Study has Attorney General Mike DeWine seeking to clamp down hard on repeat violent offenders

by Chad D. Baus & Jim Irvine

The Columbus Dispatch reported recently that in response to a new study showing that a small group of repeat violent offenders is responsible for a third of all violent-crime convictions, Attorney General Mike DeWine is planning to propose legislation to keep such felons behind bars much longer.

From the article:

"We cannot afford not to lock up a three-time violent offender," DeWine said. "We should always have room in prison for someone who might kill my daughter."

DeWine said the study was prompted by the 2011 Dispatch series, "Target: Gun Violence," that looked at the problem of repeat gun offenders in Columbus and statewide.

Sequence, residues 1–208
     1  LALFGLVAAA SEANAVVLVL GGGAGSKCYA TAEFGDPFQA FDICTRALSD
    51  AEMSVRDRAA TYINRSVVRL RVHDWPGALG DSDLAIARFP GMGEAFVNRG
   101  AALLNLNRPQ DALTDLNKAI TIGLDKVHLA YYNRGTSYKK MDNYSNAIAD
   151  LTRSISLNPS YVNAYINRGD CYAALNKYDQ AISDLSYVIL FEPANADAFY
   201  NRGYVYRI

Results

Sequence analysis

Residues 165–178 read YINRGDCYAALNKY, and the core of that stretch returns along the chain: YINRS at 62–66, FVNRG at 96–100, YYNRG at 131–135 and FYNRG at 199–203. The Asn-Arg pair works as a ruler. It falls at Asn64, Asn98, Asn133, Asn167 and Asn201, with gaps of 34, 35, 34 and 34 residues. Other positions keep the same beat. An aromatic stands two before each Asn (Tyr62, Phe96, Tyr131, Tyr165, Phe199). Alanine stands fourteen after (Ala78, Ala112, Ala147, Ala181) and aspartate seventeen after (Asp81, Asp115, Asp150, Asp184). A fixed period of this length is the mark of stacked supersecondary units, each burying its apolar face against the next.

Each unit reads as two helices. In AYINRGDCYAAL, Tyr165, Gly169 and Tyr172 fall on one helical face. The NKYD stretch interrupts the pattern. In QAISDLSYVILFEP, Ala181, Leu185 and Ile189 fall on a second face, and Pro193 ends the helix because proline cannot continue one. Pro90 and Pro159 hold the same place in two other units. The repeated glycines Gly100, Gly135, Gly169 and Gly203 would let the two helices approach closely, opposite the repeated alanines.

In the series, police complained that repeat gun offenders should face steadily escalating punishment, similar to drunken-driving laws.

DeWine, a former U.S. senator and county prosecutor, said he will work with Gov. John Kasich's administration on legislation to be introduced in the General Assembly this fall, although he wasn't specific on what might be in it. State Sen. Jim Hughes, R-Columbus, is among the lawmakers who might sponsor the proposal.

According to the article, the study was done at DeWine's request by Deanna L. Wilkinson, an associate professor in the Department of Human Development and Family Science at Ohio State University.

Wilkinson tapped crime statistics from the Bureau of Criminal Investigation database and the Ohio Department of Rehabilitation and Correction for 1974 to 2010.

She found that 230,288 people, or 2.62 percent of all Ohioans, were charged with violent felony offenses in Ohio over 36 years.

People convicted of three or more violent offenses accounted for less than 1 percent of the population but 33 percent of all violent-crime convictions over nearly four decades, Wilkinson's study found.